It doesn't change anything in many cases. Especially for template alias
 parameters.

Why? foo seems straightforward as a template alias parameter, meaning the function foo. Alias parameters do not take expressions as arguments - so the expression rules do not apply.
 It doesn't change the intrinsic complexity of the proposal that
 conflate a function (as first class object), its return value, and the useless
 C/C++ entity that is a function.

Removing an ambiguous case does reduce the intrinsic complexity.
Feb 06 2013
parent reply Walter Bright <newshound2 digitalmars.com> writes:
On 2/7/2013 12:22 AM, deadalnix wrote:
 Ok, why should "as much as possible" be the goal? There are other
 considerations - what merit should they have?

answer to that question, please share.

The point is, there must always be a balance of competing interests. That's certainly true here.
 For example, I consider having an easily understood mental model of how things
 work to be very important. Having the language doing mysterious heroic things
 under the hood trying to implement someone else's idea of human intuition
 impairs anyone's ability to understand a language.

Ease come from 2 main things : - Fit the mental model that an user have in realted area (ie other programing languages) - Simplicity (which is very different from ease). The current proposal seems easy to you because it is close o YOUR mental model, working on D. But on a larger scale, it fails at both criteria mentioned above : it is different from what exists in any languages mentioned in this NG,

Does C# always allow taking the address of a getter's return value? I don't know, but I'd be surprised if it did.
 and a same identifier can refers to 3 different distinct (however related)
concepts.

It is not unusual for an identifier to mean different things in different constructs.
 DIP25 aim to solve the ref issue. Which is clearly useful. Conflating that goal
 with making previous DIP on function call is only going to export the mess in
 another area of the language.

 This is the very example of why simplicity in semantic is key.

Simplicity is great, but it does not always trump everything else. It's also possible for reasonable people to disagree on what is simple or intuitive.
 It doesn't change anything in many cases. Especially for template alias
 parameters.

Why? foo seems straightforward as a template alias parameter, meaning the function foo. Alias parameters do not take expressions as arguments - so the expression rules do not apply.

An alias template parameter bind to a symbol. A symbol can be either a first-class function

Yes.
 or a the other entity that have no name (the symbol resulting of a function
declaration).

Yes. But I don't see the issue. &foo cannot bind to an alias parameter, nor can foo().
 It doesn't change the intrinsic complexity of the proposal that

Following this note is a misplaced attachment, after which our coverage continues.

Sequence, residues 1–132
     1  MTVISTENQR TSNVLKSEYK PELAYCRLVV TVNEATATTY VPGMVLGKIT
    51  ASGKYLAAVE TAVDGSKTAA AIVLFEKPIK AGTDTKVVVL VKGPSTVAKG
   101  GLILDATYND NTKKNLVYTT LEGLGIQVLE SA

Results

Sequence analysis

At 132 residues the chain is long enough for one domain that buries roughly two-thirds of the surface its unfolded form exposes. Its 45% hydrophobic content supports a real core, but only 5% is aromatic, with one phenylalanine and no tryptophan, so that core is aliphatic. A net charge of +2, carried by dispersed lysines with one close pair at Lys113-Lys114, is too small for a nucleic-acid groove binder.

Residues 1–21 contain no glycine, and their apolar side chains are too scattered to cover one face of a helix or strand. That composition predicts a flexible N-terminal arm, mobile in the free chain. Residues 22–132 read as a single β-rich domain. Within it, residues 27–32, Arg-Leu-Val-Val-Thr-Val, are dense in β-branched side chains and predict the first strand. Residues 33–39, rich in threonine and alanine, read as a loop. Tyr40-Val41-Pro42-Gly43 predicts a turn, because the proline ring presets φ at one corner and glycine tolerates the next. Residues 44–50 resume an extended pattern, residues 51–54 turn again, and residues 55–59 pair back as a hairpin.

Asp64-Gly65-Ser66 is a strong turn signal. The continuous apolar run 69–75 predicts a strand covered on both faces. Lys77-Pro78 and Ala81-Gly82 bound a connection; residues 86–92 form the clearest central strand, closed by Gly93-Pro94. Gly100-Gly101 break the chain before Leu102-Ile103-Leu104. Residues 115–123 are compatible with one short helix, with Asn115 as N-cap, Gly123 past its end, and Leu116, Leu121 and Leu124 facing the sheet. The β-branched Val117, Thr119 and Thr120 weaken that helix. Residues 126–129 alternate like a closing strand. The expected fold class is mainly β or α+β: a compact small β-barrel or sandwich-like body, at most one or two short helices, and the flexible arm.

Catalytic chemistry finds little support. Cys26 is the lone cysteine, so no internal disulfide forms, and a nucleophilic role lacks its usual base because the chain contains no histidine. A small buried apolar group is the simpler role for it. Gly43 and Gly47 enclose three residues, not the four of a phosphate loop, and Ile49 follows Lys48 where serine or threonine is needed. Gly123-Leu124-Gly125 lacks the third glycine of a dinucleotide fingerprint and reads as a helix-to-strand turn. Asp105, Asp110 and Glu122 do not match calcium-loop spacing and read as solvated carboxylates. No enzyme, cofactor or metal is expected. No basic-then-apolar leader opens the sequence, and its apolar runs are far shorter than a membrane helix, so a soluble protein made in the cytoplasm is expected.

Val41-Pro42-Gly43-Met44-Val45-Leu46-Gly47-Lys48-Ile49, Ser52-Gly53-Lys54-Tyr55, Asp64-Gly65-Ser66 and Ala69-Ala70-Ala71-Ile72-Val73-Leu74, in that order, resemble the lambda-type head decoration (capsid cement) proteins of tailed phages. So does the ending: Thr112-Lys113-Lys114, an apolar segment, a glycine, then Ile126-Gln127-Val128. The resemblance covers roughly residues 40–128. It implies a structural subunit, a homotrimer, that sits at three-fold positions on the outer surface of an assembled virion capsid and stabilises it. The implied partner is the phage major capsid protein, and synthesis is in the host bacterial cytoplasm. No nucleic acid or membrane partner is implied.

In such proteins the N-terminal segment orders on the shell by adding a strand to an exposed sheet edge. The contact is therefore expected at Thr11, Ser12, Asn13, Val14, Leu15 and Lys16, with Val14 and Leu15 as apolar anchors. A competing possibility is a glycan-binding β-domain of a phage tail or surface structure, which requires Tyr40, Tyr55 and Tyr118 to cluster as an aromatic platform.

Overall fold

conflate a function (as first class object), its return value, and the useless
 C/C++ entity that is a function.

Removing an ambiguous case does reduce the intrinsic complexity.

I'm sure that, as a developer that specialized itself in compilers, you perfectly know the difference between syntax and semantic. And that solving a syntax issue that is symptom of a semantic issue will not fix the semantic issue.

What &foo means is a semantic issue, not a syntactic one. It's not an ambiguous grammar. Semantic ambiguity issues are resolved by creating rules (which one may consider intuitive or arbitrary) and applying them, which is what we're doing here. There are several such ambiguities in D that are resolved by applying semantic disambiguation rules. This is done because although it makes the spec (and the compiler) more complex, it is actually simpler for the user. Saying that one cannot take the address of a return value solves the semantic ambiguity problem with &foo.
Feb 07 2013
next sibling parent reply Walter Bright <newshound2 digitalmars.com> writes:
On 2/7/2013 2:05 AM, deadalnix wrote:
 On Thursday, 7 February 2013 at 09:23:20 UTC, Walter Bright wrote:
 The point is, there must always be a balance of competing interests. That's
 certainly true here.


Try designing anything by using one overriding principle - you won't get a useful result. Designs are always tradeoffs, always.
 Does C# always allow taking the address of a getter's return value? I don't
 know, but I'd be surprised if it did.

C# don't have address of. It isn't a system language. Even if you consider the whole stuff without the address problem, the D way is different than C#'s.

It's a different language, with a different view of things. Direct comparisons between D and C# need to take that into account.
 The 'funny' things is that C#'s would cause syntax problem issue with address